Letter from our president, Jeff Wirtz
Greetings to all our Foundation friends,
I’m thrilled to share that our Rhododendron Preserve is now 40 acres larger thanks to a new land purchase from our friends at Ueland Tree Farm! This is our latest purchase from Ueland Tree Farm, totaling more than 140 acres of valuable forest land that provides a healthy buffer for the habitat and salmon runs within the Preserve. We’re fortunate to share land within the Chico Creek watershed with a landowner that is just as dedicated to protecting salmon as we are, and who entrusts us to be good stewards of this land.
A big thank you to everyone who joined us at our Fall for Fish fundraiser on Oct. 23rd. Your contributions make our work possible, and your participation in our events makes our work feel more like fun. This year’s event provided attendees a special opportunity to hike into Hidden Valley, see the preservation work underway, and learn how this work supports salmon recovery throughout the Salish Sea region. After canceling all our main events last year due to COVID, it was really fantastic to see folks in person again. One of our Foundation directors, Katha Miller-Winder, shares a few highlights from the day in our newsletter below.
We’re fortunate to share land within the Chico Creek watershed with a landowner that is just as dedicated to protecting salmon as we are, and who entrusts us to be good stewards of this land.
If you weren’t able to attend, but are still interested in contributing to the Foundation, we’d be grateful for your support. Never has our work to protect salmon been more urgent or important. You can allow the Foundation to use your donation wherever it’s needed most, or you can direct your donation specifically to our community grants program, our conservation education program, or the Rhododendron Preserve. Every dollar donated directly supports program activities, and we’re proud to manage all our funds in a fossil-fuel free social investment fund.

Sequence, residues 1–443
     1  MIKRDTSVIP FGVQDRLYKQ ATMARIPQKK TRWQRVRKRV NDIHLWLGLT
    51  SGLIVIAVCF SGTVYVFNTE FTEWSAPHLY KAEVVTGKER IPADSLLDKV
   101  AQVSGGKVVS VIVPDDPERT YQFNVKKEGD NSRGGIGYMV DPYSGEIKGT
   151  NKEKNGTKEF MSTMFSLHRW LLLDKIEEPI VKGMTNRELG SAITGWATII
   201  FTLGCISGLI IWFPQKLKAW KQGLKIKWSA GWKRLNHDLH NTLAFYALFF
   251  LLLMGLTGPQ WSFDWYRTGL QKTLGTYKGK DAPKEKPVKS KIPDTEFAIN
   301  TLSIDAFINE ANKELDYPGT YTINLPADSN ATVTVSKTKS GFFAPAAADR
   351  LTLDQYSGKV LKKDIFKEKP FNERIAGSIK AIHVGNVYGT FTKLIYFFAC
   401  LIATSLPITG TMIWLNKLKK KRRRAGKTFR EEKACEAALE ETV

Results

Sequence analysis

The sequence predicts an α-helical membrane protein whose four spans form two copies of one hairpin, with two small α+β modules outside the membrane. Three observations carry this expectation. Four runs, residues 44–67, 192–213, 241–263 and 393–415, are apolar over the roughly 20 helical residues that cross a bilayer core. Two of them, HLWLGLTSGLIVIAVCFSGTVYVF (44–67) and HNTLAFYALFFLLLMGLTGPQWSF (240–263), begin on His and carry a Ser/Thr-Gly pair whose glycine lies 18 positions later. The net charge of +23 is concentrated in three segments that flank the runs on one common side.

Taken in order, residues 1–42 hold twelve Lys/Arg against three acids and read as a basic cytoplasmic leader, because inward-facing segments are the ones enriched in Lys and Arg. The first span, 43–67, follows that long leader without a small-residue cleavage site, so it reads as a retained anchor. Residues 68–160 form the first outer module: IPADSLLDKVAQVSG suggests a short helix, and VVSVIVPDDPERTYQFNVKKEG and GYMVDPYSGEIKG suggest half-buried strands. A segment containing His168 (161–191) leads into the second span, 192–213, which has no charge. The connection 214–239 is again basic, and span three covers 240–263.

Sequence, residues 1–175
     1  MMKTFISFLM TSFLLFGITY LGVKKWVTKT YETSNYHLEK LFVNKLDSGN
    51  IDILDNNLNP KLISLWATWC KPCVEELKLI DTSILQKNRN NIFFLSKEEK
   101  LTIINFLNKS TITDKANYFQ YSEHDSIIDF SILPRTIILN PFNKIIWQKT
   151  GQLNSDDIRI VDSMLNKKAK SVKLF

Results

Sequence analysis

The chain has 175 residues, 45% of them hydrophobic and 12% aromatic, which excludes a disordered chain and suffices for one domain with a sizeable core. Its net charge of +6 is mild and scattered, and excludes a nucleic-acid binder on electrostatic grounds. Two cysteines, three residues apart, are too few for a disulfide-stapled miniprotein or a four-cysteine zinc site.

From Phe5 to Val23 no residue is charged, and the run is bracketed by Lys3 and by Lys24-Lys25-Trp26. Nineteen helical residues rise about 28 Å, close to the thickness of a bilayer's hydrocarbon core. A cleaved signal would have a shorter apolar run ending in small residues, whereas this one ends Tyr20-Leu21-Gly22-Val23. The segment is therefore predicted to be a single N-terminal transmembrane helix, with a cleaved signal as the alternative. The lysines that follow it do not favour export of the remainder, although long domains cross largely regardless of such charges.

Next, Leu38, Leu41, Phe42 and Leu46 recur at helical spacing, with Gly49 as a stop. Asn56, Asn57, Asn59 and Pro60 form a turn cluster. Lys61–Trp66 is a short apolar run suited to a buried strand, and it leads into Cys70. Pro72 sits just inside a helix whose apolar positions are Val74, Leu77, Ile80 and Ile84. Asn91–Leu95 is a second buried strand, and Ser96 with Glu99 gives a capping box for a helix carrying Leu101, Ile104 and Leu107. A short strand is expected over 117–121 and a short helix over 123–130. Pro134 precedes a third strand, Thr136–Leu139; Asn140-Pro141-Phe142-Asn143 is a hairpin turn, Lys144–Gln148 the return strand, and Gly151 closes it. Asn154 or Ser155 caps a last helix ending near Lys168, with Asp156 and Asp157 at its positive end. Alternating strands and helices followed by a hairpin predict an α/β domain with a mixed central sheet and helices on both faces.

Thanks again to everyone who has contributed time, money, and goodwill to Keta Legacy Foundation, also known as Mountaineers Foundation. We appreciate your partnership more than you know.
Stay healthy and well,
— Jeff Wirtz
President, Keta Legacy Foundation,
also known as Mountaineers Foundation
Fall for Fish event provided sneak peek at preservation work in Hidden Valley
Rain didn’t keep away an enthusiastic group of the Foundation’s friends and benefactors from gathering together for this year’s Fall for Fish event. Every year, this event offers a chance for us to celebrate our organization’s successes and preview upcoming plans. This year was especially fun because attendees had a chance to veer off our well-loved Big Tree path for a sneak peek at the preservation work underway in the Hidden Valley area of the Preserve.
After assembling in the dry creek meadow section for short video introductions and remarks from Foundation directors, attendees hiked down to the current bridge over Wildcat Creek. This bridge will be replaced with a more structurally sound bridge located on the edge of Hidden Valley. At the bridge, Director Amy Lawrence brilliantly described the flora and fauna of the Preserve and the importance of the Preserve to salmon and the Salish Sea region.